The Irreproducibility Crisis of Modern Science
How defective science harms public policy and damages our public schools.
“Most Americans don’t even know that the crisis exists,” explain David Randall and Christopher Welser of the National Association of Scholars. Help has now arrived in The Irreproducibility Crisis of Modern Science: Cause, Consequences and the Road to Reform. The general reader might find the title puzzling but the concept is simple.
If a scientific study is to be legitimate, it must be reproducible because replication allows examination of the data and the possibility of different conclusions. If the study is not reproducible it is not really science, and as the authors show, that type of non-science is now common.
In June of 2016, Oona Lönnstedt and Peter Eklöv of Uppsala University published a paper in Science warning of the dangers of microplastic particles in the ocean. The study got considerable media attention but as it turned out, “Lönnstedt never performed the research that she and Eklöv reported.” So in philosophical terms, it had an existential problem, and veracity is also an issue.
In 2005, Dr. John Ioannidis argued, “shockingly and persuasively,” that most published research findings in his own field of medicine were false. This was due to many factors, including the limitations of statistics, “intellectual prejudices and conflicts of interest,” and researchers striving to produce positive results “in fashionable areas of research.” Based on these factors, the findings in other scientific fields were probably wrong too.
Positive results, the authors show, are the kind that make for the “eye-catching headline and the breathless lead” from “science” journalists. Currently, positive results tell politicians what they want to hear, and pave the way for lucrative government grants and prestigious positions. So those whose conduct such research tend to shield their data.
For example, Tom Karl of the National Centers for Environmental Information at the National Oceanic and Atmospheric Administration claimed to refute evidence of a global warming hiatus since the early 2000s. But since Karl failed properly to archive the data, his conclusions were not open to replication.
If a researcher fails to share data and methodology, one skeptic observes, “we have no obligation to believe anything in his papers.” In current conditions, the authors show, “Groupthink also inhibits attempts to check results, since replication studies can undermine comfortable beliefs. An entire academic discipline can succumb to groupthink and create a professional consensus with a strong tendency to dismiss results that question its foundations.”
“Science that touches on political agendas has contributed more than its share of problems to the irreproducibility crisis,” explains an afterword by William Happer, emeritus professor of physics at Princeton and former director of energy research for the US Department of Energy. Happer notes that research on the harmful effects of carbon dioxide was published by “scientists” in peer-reviewed journals, but “almost none of it is reproducible.”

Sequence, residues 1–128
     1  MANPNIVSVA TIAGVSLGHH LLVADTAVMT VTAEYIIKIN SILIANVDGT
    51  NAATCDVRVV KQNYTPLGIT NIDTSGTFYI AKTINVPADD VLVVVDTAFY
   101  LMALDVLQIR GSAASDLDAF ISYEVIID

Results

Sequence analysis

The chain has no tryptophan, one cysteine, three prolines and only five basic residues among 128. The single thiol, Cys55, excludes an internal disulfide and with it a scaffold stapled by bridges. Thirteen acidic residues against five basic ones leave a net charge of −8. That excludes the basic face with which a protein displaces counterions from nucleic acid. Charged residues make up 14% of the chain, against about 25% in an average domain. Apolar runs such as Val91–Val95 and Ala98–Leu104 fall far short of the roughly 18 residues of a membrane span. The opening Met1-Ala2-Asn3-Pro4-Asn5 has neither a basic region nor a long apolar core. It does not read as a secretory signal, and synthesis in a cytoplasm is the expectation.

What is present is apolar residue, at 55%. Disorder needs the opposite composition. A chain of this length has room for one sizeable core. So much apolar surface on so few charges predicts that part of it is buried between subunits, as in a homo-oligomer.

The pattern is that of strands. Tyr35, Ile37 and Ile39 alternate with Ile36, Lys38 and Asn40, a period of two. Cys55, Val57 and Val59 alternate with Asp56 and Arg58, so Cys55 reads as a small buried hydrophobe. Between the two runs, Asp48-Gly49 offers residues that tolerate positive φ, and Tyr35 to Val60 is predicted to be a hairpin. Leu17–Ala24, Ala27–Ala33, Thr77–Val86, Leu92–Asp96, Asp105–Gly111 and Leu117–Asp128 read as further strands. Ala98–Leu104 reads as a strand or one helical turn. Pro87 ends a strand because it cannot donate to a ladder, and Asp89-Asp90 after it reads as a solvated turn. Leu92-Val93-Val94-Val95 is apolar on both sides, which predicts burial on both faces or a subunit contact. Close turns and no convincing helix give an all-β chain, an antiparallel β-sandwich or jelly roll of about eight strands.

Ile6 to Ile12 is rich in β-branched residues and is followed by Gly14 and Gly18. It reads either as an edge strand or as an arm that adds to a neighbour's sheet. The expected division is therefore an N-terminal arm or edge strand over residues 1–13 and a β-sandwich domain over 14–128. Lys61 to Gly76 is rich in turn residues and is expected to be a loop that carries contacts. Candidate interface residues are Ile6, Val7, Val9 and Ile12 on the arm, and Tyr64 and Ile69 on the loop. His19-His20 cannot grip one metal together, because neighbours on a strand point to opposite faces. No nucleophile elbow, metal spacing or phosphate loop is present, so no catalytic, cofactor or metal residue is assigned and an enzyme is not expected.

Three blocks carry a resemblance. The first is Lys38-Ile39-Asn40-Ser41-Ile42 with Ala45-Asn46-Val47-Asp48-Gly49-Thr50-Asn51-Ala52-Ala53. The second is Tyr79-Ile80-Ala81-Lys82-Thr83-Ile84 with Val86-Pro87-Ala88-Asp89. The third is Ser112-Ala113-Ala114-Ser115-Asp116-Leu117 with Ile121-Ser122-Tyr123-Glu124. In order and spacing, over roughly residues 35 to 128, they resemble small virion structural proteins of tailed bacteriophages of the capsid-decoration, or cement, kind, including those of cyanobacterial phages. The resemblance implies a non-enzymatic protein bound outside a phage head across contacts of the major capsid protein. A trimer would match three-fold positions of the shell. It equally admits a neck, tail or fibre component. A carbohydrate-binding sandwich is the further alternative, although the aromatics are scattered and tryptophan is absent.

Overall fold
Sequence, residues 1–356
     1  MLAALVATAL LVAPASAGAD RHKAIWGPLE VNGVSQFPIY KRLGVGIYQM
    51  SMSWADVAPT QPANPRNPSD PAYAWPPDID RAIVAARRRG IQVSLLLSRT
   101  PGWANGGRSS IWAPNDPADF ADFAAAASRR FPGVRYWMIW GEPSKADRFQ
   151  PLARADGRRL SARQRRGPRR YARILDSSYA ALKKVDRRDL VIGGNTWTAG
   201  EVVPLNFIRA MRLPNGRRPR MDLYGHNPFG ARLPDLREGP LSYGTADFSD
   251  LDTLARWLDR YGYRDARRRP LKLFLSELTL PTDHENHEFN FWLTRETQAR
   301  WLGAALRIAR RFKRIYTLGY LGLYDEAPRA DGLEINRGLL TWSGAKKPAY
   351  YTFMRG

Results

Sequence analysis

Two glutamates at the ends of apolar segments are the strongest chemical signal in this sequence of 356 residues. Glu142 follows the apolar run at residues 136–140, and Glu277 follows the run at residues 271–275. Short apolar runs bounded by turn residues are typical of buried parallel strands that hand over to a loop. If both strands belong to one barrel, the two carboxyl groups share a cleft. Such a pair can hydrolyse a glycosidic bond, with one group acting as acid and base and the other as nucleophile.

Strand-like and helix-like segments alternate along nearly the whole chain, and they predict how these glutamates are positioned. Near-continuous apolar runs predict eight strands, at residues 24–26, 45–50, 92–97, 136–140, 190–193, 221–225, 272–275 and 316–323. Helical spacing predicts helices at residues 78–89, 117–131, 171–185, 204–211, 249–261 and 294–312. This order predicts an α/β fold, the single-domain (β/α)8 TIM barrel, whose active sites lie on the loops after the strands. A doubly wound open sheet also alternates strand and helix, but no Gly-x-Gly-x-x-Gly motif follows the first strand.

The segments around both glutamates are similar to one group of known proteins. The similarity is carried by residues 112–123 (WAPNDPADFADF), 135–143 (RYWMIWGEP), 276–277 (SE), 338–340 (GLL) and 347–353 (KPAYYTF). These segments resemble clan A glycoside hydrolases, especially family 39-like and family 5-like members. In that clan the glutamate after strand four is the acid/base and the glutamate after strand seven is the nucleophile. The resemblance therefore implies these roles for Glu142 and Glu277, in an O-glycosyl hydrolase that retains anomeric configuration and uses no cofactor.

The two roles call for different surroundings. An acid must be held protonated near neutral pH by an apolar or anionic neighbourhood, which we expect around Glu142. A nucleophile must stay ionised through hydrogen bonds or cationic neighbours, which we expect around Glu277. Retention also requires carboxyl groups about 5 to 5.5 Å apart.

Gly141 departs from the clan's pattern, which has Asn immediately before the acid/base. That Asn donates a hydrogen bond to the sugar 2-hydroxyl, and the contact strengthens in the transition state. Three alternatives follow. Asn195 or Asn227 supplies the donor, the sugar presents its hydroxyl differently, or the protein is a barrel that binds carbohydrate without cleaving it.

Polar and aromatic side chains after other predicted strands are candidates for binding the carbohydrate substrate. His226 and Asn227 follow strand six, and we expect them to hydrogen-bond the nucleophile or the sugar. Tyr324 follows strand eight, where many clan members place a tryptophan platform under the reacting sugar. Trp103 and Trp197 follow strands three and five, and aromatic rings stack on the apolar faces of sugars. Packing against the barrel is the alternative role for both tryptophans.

These trendy scientists, Happer writes, think themselves far superior to those in the “basket of deplorables,” who “have a hard time understanding why scientists are so special, and why they should vote as instructed by them.”
Readers of the NAS study will understand that the irreproducibility crisis is about junk science, which is part of the larger jihad of junkthought now being waged in public policy, the media, and in our schools.
“Education definitely seems to be a component of the crisis,” the authors told Frontpage. “It’s problematic that some progressive advocates seem to want people to just ‘believe’ in particular scientific conclusions as articles of faith. That runs counter to the spirit of science, which is based on a rigorous insistence that claims need to be supported by evidence, and it does tend toward indoctrination, because it implies that people shouldn’t think for themselves.”
According to the authors, “anyone who puts the conclusions before the evidence or throws around phrases like ‘anti-science’ as a way to shut down debate, has the wrong frame of mind for really facing up to the irreproducibility crisis.” So “K-12 and higher education need to do a better job of teaching students how to think scientifically and statistically.”
The authors cite a number of organizations that can help on that front, and contend that “any citizen or professional who wants to see science done properly is a champion of reform, whatever his or her politics.” Meanwhile, readers can easily find the dynamics of the crisis on public display.
EPA administrator Scott Pruitt recently announced, “the science that we use is going to be transparent. It’s going to be reproducible.” That fueled an angry response from Gina McCarthy, EPA boss from 2013-2017, and Janet McCabe, her assistant in the EPA Office of Air and Radiation.
They contend that, “peer review ensures that the analytic methodologies underlying studies funded by the agency are sound.” However, some of the data is “confidential” because of patient privacy and “business reasons.” So McCarthy and McCabe oppose measures to require that all scientific and technical information is specifically identified, and publicly available in a manner sufficient for independent analysis and substantial reproduction of research results.
On McCarthy’s watch in 2015 readers may recall, the EPA dumped millions of gallons of toxic waste into the Animas River. That create a fathomless environmental disaster in four states but the EPA refused to pay $1.8 billion in damage claims, some from Native Americans.
Gina McCarthy was not fired and she now directs the Center for Health and the Global Environment at Harvard. The groupthink gang gets the big bucks and members never have to say they’re sorry.